Stolen intellectual property or trade secrets can also cause great harm to businesses. According to cyber insurance provider AON, these intangible assets often account for at least 50 percent of a company’s value – and this can rise to 85 percent for tech or innovation-led services businesses. Therefore, firms need to act especially quickly to shut down any unauthorized access to these resources.

Do you Know Whether the Breach Incident is Reportable?

Knowing if you are required to report a data breach to the relevant privacy regulator in your jurisdiction is vital, as any delays can be costly. In the UK, for example, the Information Commissioner’s office requires incidents to be reported within 72 hours of discovery. In the US, reporting requirements are determined at the state level, so it’s critical firms are familiar with local laws. 

It’s also important to know when a breach notification will need to be sent to affected employees, customers or other parties who have had sensitive data compromised.

Not every cybersecurity incident will need to be reported to regulators or law enforcement. While different regulations have their own requirements, a general guide is that if a breach does not include personal information that poses a significant risk to an individual’s rights, freedoms, or privacy, it is not necessary to report it. However, if you determine this is the case, you should still keep a full record of the investigation and the reasoning behind this decision to ensure compliance with data protection rules.

Longer Term Steps to Mitigate Future Incidents

The task of recovering from a data breach is not over once the issue is contained and operations have returned to normal. A crucial part of any investigation is evaluating the process itself in order to learn lessons. This does not only reduce the risk of falling victim to a further attack in future, but helps you identify any issues within your plan that might have slowed down your response. 

By thoroughly analyzing the event and answering questions about what went wrong and what was done to correct the problem, firms will be in a much better position to guard against any future incident.

How Quickly did Data Security Teams Identify and Contain the Breach?

A good first step is to look at the incident management response. A key question to answer is whether the correct steps were taken on discovery of a breach, and if any aspects of the security policy were not followed, potentially causing a delayed containment of the cybersecurity threat. A swift reaction can often be the difference between a positive outcome and one where the company faces lengthy downtime and a large bill.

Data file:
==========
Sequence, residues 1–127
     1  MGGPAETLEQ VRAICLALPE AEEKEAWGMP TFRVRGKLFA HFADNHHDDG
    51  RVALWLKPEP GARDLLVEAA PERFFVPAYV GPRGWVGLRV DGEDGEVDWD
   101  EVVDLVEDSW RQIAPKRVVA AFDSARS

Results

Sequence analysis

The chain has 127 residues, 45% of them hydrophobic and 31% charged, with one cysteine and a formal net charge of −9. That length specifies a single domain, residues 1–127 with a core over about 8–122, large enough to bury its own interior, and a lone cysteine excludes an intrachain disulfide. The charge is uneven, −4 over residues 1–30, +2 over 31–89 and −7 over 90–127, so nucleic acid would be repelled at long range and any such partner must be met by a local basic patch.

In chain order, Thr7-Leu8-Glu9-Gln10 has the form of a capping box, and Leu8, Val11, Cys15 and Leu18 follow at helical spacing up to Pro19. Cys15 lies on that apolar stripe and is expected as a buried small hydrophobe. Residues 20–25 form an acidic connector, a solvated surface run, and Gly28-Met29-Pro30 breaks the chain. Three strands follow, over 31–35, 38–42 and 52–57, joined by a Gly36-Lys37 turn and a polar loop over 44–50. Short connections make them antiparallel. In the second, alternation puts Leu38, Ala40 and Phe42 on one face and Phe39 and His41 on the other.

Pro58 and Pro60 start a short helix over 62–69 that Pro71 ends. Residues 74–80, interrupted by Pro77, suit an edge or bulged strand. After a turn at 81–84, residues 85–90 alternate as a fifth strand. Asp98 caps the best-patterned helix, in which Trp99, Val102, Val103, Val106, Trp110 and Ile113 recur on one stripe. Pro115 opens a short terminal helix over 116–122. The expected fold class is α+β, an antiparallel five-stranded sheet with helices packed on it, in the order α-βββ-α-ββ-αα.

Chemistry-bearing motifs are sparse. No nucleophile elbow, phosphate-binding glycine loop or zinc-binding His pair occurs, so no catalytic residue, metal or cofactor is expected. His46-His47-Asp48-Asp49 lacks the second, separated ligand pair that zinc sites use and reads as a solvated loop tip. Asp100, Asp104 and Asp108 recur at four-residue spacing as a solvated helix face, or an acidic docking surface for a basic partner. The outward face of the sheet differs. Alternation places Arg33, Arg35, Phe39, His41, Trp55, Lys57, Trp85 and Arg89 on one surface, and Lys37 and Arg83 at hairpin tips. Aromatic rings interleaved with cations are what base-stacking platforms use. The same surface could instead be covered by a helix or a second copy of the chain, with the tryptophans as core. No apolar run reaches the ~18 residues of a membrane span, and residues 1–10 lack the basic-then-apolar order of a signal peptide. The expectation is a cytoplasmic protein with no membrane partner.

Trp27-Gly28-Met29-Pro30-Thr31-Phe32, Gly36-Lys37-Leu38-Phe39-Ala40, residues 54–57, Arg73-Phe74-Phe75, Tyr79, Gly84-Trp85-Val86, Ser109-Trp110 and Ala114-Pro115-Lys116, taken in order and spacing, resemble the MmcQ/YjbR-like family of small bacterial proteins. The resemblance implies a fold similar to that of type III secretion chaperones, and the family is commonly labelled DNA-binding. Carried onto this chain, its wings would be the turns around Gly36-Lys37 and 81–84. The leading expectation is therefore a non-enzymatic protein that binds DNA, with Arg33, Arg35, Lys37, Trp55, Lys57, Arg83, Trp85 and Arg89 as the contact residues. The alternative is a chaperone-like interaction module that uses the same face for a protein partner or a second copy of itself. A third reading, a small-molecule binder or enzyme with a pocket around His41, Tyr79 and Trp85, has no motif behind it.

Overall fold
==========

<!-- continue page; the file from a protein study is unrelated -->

This may be a particular consideration for businesses that lack the resources for extensive, dedicated security professionals. In these cases, advanced technology such as a virtual CISO can make a major difference in response times for the future.

Could Employees be Trained to Prevent Similar Data Breaches in The Future?

Human error remains a factor in the vast majority of data breaches, so if this is the case, it’s important to ask what happened. Was it the result of carelessness or negligence that should have been prevented? Or were previous training processes inadequate?

This can often highlight deficiencies in areas such as email or cloud security – for example, responding to phishing attempts or using unapproved, consumer-grade storage services. Learnings gained from these investigations should channel directly back into revised and updated training resources that can better educate employees on areas that may have been previously overlooked.

What Corrective Actions can you Implement to Prevent Reoccurrence of This Incident?

As well as strengthening user training, you should also look at what technical capabilities you may have been lacking that could have prevented the security breach. The right tools can not only block any data breaches before they occur, but can also alert you more quickly on any suspicious behavior within your business that can be indicative of a network security breach.

For example, adding effective access management and monitoring solutions can alert you to unusual incidents within your systems that may have slipped through your firewalls, while ADX tools can be a critical last line of defense that can prevent data being stolen, even if hackers have been able to infiltrate the enterprise. Advanced tools that use machine learning and automation to step in without human intervention at the first sign of anything strange occurring may be especially valuable.

What Steps Were Taken to Measure the Success of Eradication Efforts?

A final point is to ensure that your analysis of the incident is as comprehensive as possible and that you’re looking at the right metrics to measure your success. For example, key factors to review include Recovery Point Objective (RPO) and Recovery Time Objective (RTO), which are related but distinct parameters that detail how long it takes to get back up and running from a data loss or downtime incident caused by a cyberattack.

Understanding what constitutes good performance will be the key to refining your data breach response strategy for any future security threats. With the pace of cyberattacks showing no sign of slowing down any time soon, taking the time now to build your knowledge and develop a strategy will be the most important thing you can do to prepare in case the worst happens.